Clockwise from left: Kennedy, Shawn, Jennifer, Channing, and Apricot.

Calling All Donors

The couple knew they had a powerful advantage in their vast network of caring family, friends, and colleagues. Shawn was a marketer who knew how to run awareness campaigns. Jennifer's father had been a well-known Baptist preacher. And Jennifer, who had decided against a corporate career while in law school, had spent 20 years advocating for at-risk kids—and building connections—in the government and nonprofit world.

From her bed at home in Brooklyn, Jennifer started phoning newspapers, TV stations, and radio shows. Shawn Skyped with relatives and friends, rallying them to start drives at churches, college campuses, and professional organizations for people of color. The family sent endless emails and posted pleas on Facebook.

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"We got calls from friends, and then friends of friends," says Jennifer. "'Hey, I'm a member of a sorority in Cleveland. I can do a drive for you.' Or, 'Hi, I live in California. I want to help. What can I do?'"

Even as the drive made progress, Jennifer needed two more rounds of chemo to keep her cancer at bay. "I began living in two worlds," she remembers. "One, where I was trying to keep my spirits up, going to as many baseball games and piano recitals as I could. The other, where I was going over my will and talking to my husband about how he would raise our kids after I was gone.

"I felt I had to prepare my family. I never wore a wig, because I thought they should see me in the realest way," she says. "Over and over, I'd ask Kennedy and Channing, 'If I die, what do you do?' And I'd have them say, 'I keep going.'"

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By mid-January 2010, after 13 weeks of campaigns, a staggering 13,000 people had added their genetic information to the registry. Eighty percent were from ethnic minorities, possibly the largest group of minority donors added to NMDP in a single year. This influx almost immediately resulted in two or three matches for waiting patients—but none for Jennifer. "I'm a woman of great faith, but I began to falter," she says.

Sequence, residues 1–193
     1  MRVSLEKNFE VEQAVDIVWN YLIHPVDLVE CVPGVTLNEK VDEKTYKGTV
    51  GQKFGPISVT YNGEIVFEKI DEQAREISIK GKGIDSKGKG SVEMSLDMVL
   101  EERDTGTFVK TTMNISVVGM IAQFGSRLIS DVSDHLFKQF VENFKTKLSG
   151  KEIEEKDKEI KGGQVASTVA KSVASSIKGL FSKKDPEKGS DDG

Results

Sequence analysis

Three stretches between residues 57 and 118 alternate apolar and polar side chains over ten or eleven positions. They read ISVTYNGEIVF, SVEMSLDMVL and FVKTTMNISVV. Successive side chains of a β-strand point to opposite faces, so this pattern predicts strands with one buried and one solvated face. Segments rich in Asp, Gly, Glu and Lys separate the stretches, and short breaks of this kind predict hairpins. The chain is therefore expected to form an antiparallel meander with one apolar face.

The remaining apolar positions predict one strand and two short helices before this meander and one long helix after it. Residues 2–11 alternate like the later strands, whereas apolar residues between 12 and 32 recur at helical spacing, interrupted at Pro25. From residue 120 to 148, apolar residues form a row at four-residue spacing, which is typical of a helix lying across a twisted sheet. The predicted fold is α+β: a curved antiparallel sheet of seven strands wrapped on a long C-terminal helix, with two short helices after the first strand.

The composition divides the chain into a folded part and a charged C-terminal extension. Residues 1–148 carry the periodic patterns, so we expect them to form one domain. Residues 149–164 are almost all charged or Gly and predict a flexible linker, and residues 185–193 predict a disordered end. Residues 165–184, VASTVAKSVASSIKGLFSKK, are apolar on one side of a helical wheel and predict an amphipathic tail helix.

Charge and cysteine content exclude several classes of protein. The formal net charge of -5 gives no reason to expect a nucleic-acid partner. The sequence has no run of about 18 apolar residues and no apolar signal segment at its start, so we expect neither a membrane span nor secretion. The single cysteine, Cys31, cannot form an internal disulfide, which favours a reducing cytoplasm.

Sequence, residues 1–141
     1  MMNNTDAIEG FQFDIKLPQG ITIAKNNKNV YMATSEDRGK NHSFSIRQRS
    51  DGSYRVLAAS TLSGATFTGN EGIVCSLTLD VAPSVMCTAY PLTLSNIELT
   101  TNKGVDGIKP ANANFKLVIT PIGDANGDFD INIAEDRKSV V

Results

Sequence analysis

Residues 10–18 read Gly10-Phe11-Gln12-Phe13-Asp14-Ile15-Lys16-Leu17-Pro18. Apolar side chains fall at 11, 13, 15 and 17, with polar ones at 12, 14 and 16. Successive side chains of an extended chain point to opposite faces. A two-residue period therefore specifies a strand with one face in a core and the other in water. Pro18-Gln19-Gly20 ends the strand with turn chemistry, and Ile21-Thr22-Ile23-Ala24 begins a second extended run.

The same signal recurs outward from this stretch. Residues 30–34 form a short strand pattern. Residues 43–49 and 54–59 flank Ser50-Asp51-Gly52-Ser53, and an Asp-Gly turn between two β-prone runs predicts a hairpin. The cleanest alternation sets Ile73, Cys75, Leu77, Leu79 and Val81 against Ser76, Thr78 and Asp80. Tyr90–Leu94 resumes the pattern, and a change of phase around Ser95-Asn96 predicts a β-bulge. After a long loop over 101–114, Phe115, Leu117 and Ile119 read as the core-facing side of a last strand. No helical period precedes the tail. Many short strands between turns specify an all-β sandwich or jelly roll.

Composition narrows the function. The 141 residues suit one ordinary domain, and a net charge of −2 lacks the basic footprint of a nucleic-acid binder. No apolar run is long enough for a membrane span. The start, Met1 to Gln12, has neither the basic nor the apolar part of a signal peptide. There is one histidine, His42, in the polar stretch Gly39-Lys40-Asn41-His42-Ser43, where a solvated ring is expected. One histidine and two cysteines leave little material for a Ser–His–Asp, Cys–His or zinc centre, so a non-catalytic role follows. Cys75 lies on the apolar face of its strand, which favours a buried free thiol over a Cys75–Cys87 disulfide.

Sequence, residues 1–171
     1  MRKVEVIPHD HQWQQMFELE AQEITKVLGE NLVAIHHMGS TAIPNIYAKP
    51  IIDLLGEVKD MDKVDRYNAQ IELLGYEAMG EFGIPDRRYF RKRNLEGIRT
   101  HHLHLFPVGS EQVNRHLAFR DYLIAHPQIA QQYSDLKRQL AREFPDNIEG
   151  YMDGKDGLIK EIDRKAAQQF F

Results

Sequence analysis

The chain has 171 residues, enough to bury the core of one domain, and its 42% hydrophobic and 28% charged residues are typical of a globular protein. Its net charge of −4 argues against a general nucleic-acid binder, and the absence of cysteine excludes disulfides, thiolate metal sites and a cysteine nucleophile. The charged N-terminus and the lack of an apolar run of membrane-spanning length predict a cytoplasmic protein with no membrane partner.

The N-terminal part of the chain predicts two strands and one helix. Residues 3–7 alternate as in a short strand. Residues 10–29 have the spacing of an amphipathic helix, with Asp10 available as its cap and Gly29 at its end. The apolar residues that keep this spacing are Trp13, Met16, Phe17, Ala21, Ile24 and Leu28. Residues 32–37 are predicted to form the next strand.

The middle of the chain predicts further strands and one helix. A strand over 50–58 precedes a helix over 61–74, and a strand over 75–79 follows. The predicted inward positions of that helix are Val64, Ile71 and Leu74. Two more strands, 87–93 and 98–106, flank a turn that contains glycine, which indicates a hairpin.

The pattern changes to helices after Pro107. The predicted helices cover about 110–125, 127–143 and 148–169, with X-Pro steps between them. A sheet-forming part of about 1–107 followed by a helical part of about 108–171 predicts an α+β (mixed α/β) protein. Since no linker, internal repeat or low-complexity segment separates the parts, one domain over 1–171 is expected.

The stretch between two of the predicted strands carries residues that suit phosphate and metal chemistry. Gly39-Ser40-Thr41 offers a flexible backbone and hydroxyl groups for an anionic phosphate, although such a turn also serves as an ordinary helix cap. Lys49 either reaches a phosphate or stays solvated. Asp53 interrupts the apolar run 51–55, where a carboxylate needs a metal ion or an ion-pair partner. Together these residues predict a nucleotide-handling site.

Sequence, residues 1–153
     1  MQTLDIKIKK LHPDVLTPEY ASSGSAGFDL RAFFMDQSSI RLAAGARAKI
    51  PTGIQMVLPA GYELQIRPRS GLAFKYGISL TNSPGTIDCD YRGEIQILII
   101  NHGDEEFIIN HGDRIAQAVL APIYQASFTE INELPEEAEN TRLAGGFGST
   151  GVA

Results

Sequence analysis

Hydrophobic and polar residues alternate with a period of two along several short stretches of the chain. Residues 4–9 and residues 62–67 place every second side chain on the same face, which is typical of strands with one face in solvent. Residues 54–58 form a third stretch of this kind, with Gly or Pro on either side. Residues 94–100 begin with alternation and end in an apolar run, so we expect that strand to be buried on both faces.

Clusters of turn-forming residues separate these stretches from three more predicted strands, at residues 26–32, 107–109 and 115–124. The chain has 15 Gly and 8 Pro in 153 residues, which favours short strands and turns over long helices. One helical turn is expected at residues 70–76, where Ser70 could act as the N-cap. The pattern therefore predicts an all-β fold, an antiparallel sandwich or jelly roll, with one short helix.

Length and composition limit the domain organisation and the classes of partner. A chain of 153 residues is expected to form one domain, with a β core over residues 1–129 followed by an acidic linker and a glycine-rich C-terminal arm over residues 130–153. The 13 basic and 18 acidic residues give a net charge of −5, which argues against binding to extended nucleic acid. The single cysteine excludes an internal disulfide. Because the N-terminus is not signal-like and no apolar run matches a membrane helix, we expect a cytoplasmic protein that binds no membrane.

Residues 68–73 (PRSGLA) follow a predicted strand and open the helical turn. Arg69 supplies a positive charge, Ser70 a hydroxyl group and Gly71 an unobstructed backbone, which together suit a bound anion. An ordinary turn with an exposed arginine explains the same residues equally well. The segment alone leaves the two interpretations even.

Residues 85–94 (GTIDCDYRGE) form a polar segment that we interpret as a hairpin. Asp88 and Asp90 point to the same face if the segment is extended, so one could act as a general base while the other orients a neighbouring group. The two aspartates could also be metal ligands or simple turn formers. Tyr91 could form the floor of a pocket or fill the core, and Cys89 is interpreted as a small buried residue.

Then, later that month, her doctors surprised her. Two possibilities had been found—from an entirely different donor source.

"My doctors said they'd found a match in a cord blood bank," says Jennifer. "I hadn't even known that was an option."

Newborn Promise

"My doctors said they'd found a match in a cord blood bank," says Jennifer. "I hadn't even known that was an option."

Cord blood is nutrient-rich blood that's left in the umbilical cord after a baby is delivered. Like bone marrow, it contains valuable blood stem cells. A small number of parents pay to bank their babies' cord blood privately, solely for their family to use in a medical emergency. An even tinier group—less than 5% of those who donate—choose to give it to a public bank, where it's available, anonymously, to anyone who needs it. (See "How It Works," at left.)

Cord blood transplants are particularly promising because the match between patient and donor doesn't have to be as precise. "The white blood cells of a newborn have a higher tolerance for a mismatch," explains Andromachi Scaradavou, M.D., a pediatric hematologist at Memorial Sloan Kettering Cancer Center in New York City and medical director of the National Cord Blood Program at the New York Blood Center. And unlike bone marrow, which still has to be collected from the donor after the match is found, cord blood is already stored and ready to use.